We have included in our WEB menu an access to our virtual store. For now there is nothing more for sale than Father Esteban’s book, 2nd Edition. Soon we will sell some souvenir of the College. From that menu you will have access to the store and the cart.
Therefore, if you want a copy of Fr. Esteban’s book entitled “COLEGIO DE Nª Sª DE LA ANTIGUA” you can BUY it through our store and we will send it to you shortly.
This option will be good for alumni and other people interested in our school, its history, its building … and who do not live in Monforte.
Valerio Cioli, also called Cigoli or Giogoli was born in Settignano (Italy) in 1529 and dies in Florence in 1599, a year before Cardinal Rodrigo de Castro) was an Italian sculptor of the Mannerist era.
His most famous work is the Fontana del Bacchino del Giardino di Boboli, near the entrance of the Piazza Pitti in Florence. It depicts a jester from the court of Cosme I de Médici, ironically called nano Morgante (by Morgante, the giant of Luigi Pulci’s poem), naked and sitting on a turtle like a drunken Bacchus. In the same garden there are two other works by Cioli in collaboration with Giovanni Simone Cioli: the Uomo che vanga (“man who digs”) and the Uomo che scarica il secchio in un tino (“man who empties the bucket in a tub) Also among other known pieces is the allegory of the sculpture nothing less than in Michelangelo’s tomb.
From this famous sculptor we have in our church in Monforte the Christ in marble that was given to Cardinal Rodrigo de Castro by Felipe Segundo. Today we bring this entry on our page to have photographed the signature of Cioli, on the purity cloth of Christ, four photos that give us a complete message: VALERIUS CIOLIS · F · MDVC That we can well understand as De Valerio Cioli. Made in 1595.
He was born around 1555 in the Italian city of Milan, in the province of Umbria. His parents were Alejandro Resta and Isabel Milach. He moved to Seville in 1585 with Cardinal Rodrigo de Castro.
As first documented works, he adds that unfortunately disappeared, you were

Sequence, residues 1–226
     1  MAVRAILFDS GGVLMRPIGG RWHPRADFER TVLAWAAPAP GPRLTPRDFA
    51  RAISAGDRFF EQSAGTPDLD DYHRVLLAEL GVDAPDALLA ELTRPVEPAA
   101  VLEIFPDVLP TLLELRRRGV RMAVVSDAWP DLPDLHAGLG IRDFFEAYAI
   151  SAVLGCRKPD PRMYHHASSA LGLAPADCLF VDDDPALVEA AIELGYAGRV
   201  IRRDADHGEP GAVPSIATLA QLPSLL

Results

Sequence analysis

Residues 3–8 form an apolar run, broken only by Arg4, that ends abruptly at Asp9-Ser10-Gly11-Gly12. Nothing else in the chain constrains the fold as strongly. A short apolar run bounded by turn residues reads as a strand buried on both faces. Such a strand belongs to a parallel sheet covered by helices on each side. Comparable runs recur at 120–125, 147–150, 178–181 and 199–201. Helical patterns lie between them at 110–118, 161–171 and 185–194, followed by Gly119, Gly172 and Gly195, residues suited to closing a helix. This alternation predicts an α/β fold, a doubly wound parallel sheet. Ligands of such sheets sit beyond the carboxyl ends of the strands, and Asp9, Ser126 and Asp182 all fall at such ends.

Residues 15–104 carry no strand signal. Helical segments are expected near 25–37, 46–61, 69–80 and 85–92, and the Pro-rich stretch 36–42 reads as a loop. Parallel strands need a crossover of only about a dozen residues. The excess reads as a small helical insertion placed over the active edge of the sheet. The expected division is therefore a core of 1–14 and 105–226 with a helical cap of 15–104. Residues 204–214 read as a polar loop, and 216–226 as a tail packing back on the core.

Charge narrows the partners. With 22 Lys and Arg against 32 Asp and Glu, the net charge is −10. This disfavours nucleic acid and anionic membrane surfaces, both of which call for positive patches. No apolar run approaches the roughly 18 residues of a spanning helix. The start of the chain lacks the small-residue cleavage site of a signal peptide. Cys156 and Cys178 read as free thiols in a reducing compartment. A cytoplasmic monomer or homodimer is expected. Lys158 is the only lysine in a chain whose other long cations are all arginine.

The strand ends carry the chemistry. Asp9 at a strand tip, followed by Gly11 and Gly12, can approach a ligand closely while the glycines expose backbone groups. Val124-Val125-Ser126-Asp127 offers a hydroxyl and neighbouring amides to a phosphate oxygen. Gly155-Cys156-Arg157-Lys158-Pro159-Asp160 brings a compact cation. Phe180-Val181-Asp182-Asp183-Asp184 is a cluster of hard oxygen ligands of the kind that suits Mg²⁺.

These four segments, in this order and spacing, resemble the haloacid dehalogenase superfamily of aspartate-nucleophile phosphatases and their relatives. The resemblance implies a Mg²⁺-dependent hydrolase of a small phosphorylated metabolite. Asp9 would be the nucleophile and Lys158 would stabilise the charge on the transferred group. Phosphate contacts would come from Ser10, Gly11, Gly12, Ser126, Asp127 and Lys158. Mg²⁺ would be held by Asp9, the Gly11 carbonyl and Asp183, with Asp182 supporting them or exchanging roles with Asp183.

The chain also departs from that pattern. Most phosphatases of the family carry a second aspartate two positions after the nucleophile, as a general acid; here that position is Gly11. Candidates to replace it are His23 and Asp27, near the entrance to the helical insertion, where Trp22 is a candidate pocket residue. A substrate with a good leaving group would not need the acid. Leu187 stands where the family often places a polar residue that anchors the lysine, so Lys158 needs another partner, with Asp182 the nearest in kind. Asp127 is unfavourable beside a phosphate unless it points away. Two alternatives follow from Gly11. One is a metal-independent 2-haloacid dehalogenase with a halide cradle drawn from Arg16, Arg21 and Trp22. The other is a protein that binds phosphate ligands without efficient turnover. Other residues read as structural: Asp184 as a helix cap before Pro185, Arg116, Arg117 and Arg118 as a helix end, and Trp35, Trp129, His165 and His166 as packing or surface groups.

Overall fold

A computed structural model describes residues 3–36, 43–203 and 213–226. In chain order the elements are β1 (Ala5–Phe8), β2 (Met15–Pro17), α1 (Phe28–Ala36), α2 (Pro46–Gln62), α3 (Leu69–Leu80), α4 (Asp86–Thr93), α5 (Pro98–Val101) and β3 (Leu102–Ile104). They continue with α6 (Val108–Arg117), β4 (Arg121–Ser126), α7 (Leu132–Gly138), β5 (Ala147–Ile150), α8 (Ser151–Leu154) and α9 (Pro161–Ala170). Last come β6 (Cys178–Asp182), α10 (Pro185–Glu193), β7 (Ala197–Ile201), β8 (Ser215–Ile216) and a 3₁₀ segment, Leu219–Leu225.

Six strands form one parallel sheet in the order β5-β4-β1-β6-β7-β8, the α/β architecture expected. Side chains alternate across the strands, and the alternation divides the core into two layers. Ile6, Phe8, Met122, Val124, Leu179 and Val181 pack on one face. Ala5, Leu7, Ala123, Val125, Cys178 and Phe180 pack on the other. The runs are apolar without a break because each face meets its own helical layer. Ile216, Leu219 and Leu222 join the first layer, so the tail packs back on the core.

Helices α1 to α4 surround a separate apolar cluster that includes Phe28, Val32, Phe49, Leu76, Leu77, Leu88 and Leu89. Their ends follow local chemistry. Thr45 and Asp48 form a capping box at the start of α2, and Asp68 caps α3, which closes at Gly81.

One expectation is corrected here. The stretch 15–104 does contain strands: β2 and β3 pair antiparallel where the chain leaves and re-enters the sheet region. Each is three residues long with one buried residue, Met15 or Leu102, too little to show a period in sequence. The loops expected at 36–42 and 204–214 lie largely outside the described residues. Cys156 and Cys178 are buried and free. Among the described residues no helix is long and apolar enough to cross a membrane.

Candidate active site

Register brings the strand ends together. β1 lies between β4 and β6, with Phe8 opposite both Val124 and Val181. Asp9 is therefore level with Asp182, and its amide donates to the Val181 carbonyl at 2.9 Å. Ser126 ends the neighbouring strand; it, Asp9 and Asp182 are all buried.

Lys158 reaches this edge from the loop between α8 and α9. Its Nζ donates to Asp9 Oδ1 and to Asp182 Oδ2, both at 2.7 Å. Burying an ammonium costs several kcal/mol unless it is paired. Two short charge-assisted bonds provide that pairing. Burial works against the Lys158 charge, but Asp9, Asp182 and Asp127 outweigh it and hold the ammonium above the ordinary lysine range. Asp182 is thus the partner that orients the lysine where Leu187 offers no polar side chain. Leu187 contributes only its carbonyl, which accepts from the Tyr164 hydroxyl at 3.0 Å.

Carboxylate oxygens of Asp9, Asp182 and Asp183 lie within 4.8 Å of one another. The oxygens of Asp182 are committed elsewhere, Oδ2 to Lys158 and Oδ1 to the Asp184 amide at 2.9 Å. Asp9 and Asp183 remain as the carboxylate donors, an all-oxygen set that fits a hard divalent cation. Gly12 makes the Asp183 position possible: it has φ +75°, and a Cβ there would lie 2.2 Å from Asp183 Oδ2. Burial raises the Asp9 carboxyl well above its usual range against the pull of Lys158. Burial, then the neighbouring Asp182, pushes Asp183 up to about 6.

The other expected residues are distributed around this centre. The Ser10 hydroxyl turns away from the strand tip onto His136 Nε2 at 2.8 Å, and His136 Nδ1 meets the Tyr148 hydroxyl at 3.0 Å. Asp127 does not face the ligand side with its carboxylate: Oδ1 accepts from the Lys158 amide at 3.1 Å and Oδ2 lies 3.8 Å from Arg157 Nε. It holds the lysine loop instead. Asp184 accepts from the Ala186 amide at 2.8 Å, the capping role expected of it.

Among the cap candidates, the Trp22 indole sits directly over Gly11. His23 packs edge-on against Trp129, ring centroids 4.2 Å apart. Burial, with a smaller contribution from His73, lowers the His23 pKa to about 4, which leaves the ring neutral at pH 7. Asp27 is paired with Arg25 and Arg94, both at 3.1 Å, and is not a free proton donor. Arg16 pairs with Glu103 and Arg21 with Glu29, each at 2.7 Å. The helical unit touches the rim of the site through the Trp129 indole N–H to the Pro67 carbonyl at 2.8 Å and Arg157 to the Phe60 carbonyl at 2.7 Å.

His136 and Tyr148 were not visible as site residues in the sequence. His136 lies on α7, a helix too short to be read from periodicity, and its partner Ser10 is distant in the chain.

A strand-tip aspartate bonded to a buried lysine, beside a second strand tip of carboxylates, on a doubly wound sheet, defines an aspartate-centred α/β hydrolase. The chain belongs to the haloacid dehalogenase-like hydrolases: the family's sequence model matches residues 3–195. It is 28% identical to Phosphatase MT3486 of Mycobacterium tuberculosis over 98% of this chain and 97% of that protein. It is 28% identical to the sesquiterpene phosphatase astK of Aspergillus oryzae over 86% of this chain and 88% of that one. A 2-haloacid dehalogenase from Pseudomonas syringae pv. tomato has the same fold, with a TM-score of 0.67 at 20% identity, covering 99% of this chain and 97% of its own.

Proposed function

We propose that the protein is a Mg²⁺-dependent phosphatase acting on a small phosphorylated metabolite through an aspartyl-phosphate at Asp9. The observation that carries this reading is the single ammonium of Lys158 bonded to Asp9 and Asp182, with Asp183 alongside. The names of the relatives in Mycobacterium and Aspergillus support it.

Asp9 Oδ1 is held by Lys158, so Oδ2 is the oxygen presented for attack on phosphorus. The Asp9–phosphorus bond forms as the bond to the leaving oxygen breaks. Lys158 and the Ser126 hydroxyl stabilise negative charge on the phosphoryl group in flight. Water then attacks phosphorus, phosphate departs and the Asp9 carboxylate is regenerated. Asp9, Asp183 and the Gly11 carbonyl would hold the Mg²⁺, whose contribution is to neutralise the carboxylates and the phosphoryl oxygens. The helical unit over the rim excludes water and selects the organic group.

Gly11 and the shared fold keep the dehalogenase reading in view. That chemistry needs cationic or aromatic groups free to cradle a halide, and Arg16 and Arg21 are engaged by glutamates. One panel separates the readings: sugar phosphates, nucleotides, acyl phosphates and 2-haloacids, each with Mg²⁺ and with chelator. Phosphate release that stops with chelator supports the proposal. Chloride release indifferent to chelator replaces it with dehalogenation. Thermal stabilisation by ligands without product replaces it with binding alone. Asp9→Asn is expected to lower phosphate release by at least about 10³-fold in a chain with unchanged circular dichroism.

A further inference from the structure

hospitalized from Espírito Santo and Do Amor de Deus for those who were traced
between 1587 and 1588, both of which were completed in 1602. They were
expressly in charge of Cardinal Rodrigo de Castro, who was in charge of Hispanic
archdiocese from 1582 to 1600.
He was appointed senior teacher of the Archbishopric of Seville in 1588.
Between 1601 and 1603 he carried out some minor works and some commissions for
the Alcazar and in 1603 he was appointed senior master of it.1 The role of this
Milanese may have been to project only the facade of the church, since its
composition, orders and decorative motifs of Italian progeny are clearly
unmarked from the rest of the factory that follows the classical Mannerist
conception. Its design does not correspond to the line that Ruiz, Tolosa or
Monasterio followed. On the other hand, the acroteras and auction pyramids are
surely designs added afterwards by the teachers who worked in the factory. The
fact that he did not arrive in Monforte until the summer helps him as tracer of
the facade of the church. of 1593, therefore exempt from controlling the
collection of materials and the realization of the foundations, and thereafter
remained 15 months, sufficient time to at least raise all the details of the
facade, which is not known when it was finished , but it is known that it was
before 1598, since at that time the facade of the College was finished off as